Bohr_meme

If Bohr is right, then either we’ll be shocked when learning one of the most important and fundamental truths about the universe – as opposed to enlightened and happy – or if we aren’t shocked, we’ll have to come to terms with the fact that we are not smart enough to comprehend it. A no-win situation. Thanks Niels.

This was the first generation of quantum physicists, people who were around at the time when the theory was actually proposed and built from scratch. With them came the first wave of confusion, caused by the clash between their pre-existing worldview and the basic principles of quantum mechanics. Their bewilderment is understandable and to be expected, but not something we should be teaching in the 21st century. Think about it, why would anyone keep bringing up this quote by Bohr? What are they trying to achieve? Nothing good in my opinion.

After quantum mechanics was developed into a complete and well-defined mathematical theory, it quickly begun to be successfully applied to many areas of physics. This lead to new technologies such as lasers and transistors, as well as to a deeper understanding of the properties of matter and elementary particles. This was the second generation of quantum physicists, the people that grew up with the theory and learnt about it in university, people who even had textbooks to follow with exercises and solutions in the back. With them came the second wave of confusion. Their generation did not have doubts concerning the validity of the theory, which had passed every single empirical test with flying colours. The issue was that nobody could pin down what kind of universe is ruled by the laws of quantum mechanics! They knew the rules, but could not provide a coherent picture of the world to go with it. To no surprise, once again came famous figures in science telling us that the quest for understanding quantum mechanics was destined for failure, for not even the greatest geniuses could emerge victorious. The most annoying of such claims is this quote by Feynman:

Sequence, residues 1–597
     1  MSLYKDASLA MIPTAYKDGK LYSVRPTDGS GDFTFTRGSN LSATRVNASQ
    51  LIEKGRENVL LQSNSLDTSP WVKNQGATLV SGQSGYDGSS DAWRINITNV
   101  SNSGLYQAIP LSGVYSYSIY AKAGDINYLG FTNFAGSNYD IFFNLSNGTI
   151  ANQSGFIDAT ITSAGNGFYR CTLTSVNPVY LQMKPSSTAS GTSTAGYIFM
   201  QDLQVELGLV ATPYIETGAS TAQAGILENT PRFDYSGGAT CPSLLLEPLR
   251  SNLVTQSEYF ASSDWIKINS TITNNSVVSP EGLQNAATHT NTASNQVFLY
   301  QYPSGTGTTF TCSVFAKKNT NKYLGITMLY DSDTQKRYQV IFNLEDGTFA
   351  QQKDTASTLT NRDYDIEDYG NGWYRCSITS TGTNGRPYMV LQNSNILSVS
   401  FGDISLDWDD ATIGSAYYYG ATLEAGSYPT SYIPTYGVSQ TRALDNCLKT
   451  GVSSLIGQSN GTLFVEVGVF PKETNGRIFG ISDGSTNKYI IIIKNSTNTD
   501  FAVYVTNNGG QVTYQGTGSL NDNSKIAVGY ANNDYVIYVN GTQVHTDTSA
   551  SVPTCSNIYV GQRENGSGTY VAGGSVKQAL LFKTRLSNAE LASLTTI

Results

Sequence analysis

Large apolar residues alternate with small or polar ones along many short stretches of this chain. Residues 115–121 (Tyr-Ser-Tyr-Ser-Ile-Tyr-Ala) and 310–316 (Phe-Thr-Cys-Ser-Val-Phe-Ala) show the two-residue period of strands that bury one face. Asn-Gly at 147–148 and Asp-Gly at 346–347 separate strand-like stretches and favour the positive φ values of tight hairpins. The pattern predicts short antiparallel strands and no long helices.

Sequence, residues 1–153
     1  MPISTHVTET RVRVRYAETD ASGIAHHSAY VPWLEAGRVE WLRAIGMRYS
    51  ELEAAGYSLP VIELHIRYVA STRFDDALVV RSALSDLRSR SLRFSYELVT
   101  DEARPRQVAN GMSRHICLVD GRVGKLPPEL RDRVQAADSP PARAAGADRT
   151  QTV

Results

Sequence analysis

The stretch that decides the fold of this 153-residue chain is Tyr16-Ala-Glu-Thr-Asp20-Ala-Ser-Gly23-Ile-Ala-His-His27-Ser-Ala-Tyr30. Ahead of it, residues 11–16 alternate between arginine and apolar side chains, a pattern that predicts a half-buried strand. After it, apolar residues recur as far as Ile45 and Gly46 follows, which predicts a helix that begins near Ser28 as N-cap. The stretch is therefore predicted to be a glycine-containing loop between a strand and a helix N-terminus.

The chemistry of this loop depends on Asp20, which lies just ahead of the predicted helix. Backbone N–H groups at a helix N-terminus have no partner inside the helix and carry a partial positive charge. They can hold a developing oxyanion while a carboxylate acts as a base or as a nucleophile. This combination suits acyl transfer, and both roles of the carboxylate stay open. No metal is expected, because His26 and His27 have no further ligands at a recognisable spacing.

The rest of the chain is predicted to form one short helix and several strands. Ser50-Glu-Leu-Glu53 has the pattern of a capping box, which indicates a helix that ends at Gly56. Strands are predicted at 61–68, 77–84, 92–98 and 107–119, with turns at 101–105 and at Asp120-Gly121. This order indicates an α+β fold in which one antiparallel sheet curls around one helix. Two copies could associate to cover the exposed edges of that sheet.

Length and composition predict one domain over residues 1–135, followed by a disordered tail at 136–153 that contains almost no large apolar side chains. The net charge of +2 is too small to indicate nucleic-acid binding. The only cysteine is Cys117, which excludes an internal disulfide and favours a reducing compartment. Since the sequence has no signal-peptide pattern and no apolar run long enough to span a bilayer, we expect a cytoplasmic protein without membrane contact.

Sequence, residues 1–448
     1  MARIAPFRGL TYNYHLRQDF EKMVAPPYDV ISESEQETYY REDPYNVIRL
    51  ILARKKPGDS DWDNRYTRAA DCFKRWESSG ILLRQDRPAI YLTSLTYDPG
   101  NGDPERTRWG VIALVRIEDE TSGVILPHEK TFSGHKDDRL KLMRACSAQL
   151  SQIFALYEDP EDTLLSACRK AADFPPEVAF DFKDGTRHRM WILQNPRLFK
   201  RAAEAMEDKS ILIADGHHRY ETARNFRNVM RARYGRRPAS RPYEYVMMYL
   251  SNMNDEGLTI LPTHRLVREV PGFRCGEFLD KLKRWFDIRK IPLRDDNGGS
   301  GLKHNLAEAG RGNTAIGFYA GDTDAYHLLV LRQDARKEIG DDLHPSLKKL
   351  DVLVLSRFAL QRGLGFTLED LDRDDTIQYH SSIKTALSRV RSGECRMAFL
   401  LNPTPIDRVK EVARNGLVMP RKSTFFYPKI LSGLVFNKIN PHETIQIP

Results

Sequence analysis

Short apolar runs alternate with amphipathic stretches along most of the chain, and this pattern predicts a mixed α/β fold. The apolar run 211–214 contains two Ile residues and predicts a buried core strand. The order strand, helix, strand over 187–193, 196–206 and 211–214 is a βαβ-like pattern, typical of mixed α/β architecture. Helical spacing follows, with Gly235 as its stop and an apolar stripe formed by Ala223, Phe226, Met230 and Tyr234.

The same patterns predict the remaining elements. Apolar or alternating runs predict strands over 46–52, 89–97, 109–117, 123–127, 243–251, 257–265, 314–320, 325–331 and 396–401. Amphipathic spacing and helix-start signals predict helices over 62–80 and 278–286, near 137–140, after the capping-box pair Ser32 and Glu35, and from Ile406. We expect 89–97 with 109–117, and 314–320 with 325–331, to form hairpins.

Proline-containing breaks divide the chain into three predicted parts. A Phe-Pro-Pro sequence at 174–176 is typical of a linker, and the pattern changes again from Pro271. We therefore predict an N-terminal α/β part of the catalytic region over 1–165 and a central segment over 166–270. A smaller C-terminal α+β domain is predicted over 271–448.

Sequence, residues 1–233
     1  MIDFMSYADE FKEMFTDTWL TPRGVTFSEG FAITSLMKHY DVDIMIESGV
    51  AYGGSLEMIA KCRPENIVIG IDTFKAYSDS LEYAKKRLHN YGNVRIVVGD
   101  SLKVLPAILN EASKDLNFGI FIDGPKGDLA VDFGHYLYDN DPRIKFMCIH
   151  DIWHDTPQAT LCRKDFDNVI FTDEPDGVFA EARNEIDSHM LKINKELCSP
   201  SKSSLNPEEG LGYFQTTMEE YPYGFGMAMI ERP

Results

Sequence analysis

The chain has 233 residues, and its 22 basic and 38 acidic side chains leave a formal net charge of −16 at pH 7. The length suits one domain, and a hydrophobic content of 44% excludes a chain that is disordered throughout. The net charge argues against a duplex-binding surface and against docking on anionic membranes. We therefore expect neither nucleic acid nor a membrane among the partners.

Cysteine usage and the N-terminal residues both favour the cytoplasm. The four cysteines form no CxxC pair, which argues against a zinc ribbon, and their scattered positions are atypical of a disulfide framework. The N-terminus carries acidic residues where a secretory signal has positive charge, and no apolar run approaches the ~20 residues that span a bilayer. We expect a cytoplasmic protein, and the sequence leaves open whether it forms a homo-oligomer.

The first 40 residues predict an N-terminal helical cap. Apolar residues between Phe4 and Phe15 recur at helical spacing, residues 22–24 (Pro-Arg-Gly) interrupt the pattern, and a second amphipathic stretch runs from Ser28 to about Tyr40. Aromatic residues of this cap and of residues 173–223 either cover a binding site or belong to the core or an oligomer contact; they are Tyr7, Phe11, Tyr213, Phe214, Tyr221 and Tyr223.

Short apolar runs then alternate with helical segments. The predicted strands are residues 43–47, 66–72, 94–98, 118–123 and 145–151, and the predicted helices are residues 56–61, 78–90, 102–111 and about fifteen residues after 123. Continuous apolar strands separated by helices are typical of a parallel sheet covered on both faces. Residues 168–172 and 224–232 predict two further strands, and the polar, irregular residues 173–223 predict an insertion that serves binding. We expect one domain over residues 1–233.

feynman_meme

So, the person who won a Nobel Prize for developing quantum electrodynamics and wrote a best-selling series of physics textbooks is saying that nobody understands quantum mechanics? No way! Why did they give him a prize then? Why are people buying his textbooks? What Feynman meant was that there remained some profound foundational questions about quantum mechanics for which nobody had been able to provide satisfactory answers. To him, this meant that the theory was not completely understood. But of course it was understood, he was teaching it to hundreds of students!

Why do we keep quoting Feynman on this? How are we supposed to get people excited about learning quantum mechanics when we tell them from the start that nobody can understand it?

Thankfully, like Bob Dylan said, “the times they are a changin.” Now it’s time for us, the third generation of quantum scientists, to give quantum mechanics the reputation it deserves: that of a beautiful and simple theory that should be understood by as many people as possible. For example, at the Institute for Quantum Computing (where I did my PhD), they are making great efforts to share our research and teach quantum theory to the world. Every year they host around 40 high school students from Canada and the world and teach them the basics of quantum mechanics in the Quantum Cryptography School for Young Students. IQC has also recently started a training program called Teaching Quantum Technology, aimed for teachers who are interested in introducing the ideas behind quantum mechanics and their application to technology in their classrooms. Recently, they even created a video game: Quantum Cats! (I helped 0.1% to develop it.) This is only an example of a worldwide trend to spread our knowledge of quantum mechanics, a movement that is guided by the conviction that Bohr and Feynman were wrong: anyone can understand quantum mechanics.

If you are interested in being one of the growing number of people that have added quantum theory to their database of knowledge, please join me for part 2 of this series, where I will teach you the basics of this most splendid theory. No matter your age, your background or your preferences, I am sure that these are ideas that you can grasp and that you will enjoy learning. I will be expecting you!

Me

Our Quantum World

I haven’t been blogging for a while, largely because I am busy trying to get a PhD, but also because I have re-directed my blogging efforts into helping create a new blog for the Institute for Quantum Computing! The blog is called “Our Quantum World” and if you haven’t seen it yet, I invite you to go check it out by visiting

https://uwaterloo.ca/institute-for-quantum-computing/blog

We’ve had several great posts already by students, postdocs and faculty. The blog updates every two weeks and we have a lot of new content coming. I even wrote a post myself about academic publishing! Here is the link if you want to read it:

https://uwaterloo.ca/institute-for-quantum-computing/blog/post/i-have-dream

I feel a great sense of fulfillment to have taken part in this project and I genuinely hope that it will grow to be a window to share the brilliant ideas of researchers at IQC. Welcome to our quantum world!🙂

Eating as little meat as I can